We Should Stop Chasing Economic “Progress”
Capitalist societies believe in the possibility of endless growth. But Plato and other classical philosophers would have begged to differ.
What’s the Big Idea?
Whether or not they consider themselves politically “progressive,” many Americans reflexively expect their country to make robust progress along economic lines. Buoyed by decades of material growth, we expect GDP to rise and standards of living to improve indefinitely. If these trends stagnate—as they’ve begun to during the current recession—pundits on all sides point fingers, assuming that something has gone terribly wrong.
But according to John Dillon, former classics professor at Trinity College, Dublin, classical thinkers would have found this assumption misguided. “This concept of progress,” Dillon explains to Big Think, “is so deeply ingrained in our psyches that it is hard for modern man to comprehend a culture in which no such concept is present….[But] among Greek and Roman intellectuals, it was fully recognized that nations and societies had their ups and down, that empires rose and fell….It was universally accepted that change in the physical world was cyclical: some new inventions were made from time to time, predominantly in the area of warfare, populations might increase locally, and cities, such as Alexandria, Rome, or Constantinople, grow to great size…but all this would be balanced by a decline somewhere else.”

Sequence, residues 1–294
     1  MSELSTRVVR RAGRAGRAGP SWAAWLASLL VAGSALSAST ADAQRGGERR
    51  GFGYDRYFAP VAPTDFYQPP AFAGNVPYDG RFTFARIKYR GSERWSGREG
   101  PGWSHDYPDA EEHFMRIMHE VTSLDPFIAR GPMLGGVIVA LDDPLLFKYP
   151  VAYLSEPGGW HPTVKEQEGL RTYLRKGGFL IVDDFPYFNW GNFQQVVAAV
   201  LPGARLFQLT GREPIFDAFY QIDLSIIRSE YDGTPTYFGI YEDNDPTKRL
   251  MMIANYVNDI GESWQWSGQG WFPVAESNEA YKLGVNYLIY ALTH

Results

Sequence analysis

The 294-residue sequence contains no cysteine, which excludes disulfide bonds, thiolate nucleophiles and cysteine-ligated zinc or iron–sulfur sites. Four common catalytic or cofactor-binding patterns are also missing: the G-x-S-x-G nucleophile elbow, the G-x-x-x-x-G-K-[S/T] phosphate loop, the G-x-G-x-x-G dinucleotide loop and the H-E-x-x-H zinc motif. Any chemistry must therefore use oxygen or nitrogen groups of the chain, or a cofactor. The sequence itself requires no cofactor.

This recognition of natural balance was more than a shrug of philosophical acceptance. For thinkers like Plato, it was fundamentally relevant to the question of how societies could best be organized. In The Republic and The Laws, Plato sketches visions of an ideal state, but offers no prescriptions for ever-increasing prosperity. Rather, he portrays societies that have achieved a harmonious—and stable—equilibrium in their population, politics, and economy.
While cautioning that “I would not for a moment advocate a full dose of Platonism for a modern state,” Dillon does believe that contemporary society should embrace Plato’s ideal of stability as opposed to progress. He warns that we’ve already begun to witness the fruit of a growth-at-all-costs mentality: resource wars (including, in his view, Iraq) and untold environmental destruction. Accordingly, he advocates stringent worldwide anti-pollution laws and recommends “pay[ing] very serious attention” to Plato’s “insistence on limiting production…to necessities rather than luxuries.” Against the ideal of ever-increasing wealth, he suggests that citizens and their governments should espouse the Platonic vision “of a modest sufficiency of material goods.”
Fenton Communications CEO Lisa Witter would agree that capitalism’s promise of progress has become an article of faith—and a dangerous one. In a 2008 interview with Big Think she argued that global capitalism has “run amok,” and that the problem of how to “continue to have growth without using up all of our natural resources” is becoming unmanageable:
Political activism may get people invested in politics, and affect urgently needed change, but it comes at the expense of tolerance and healthy democratic norms.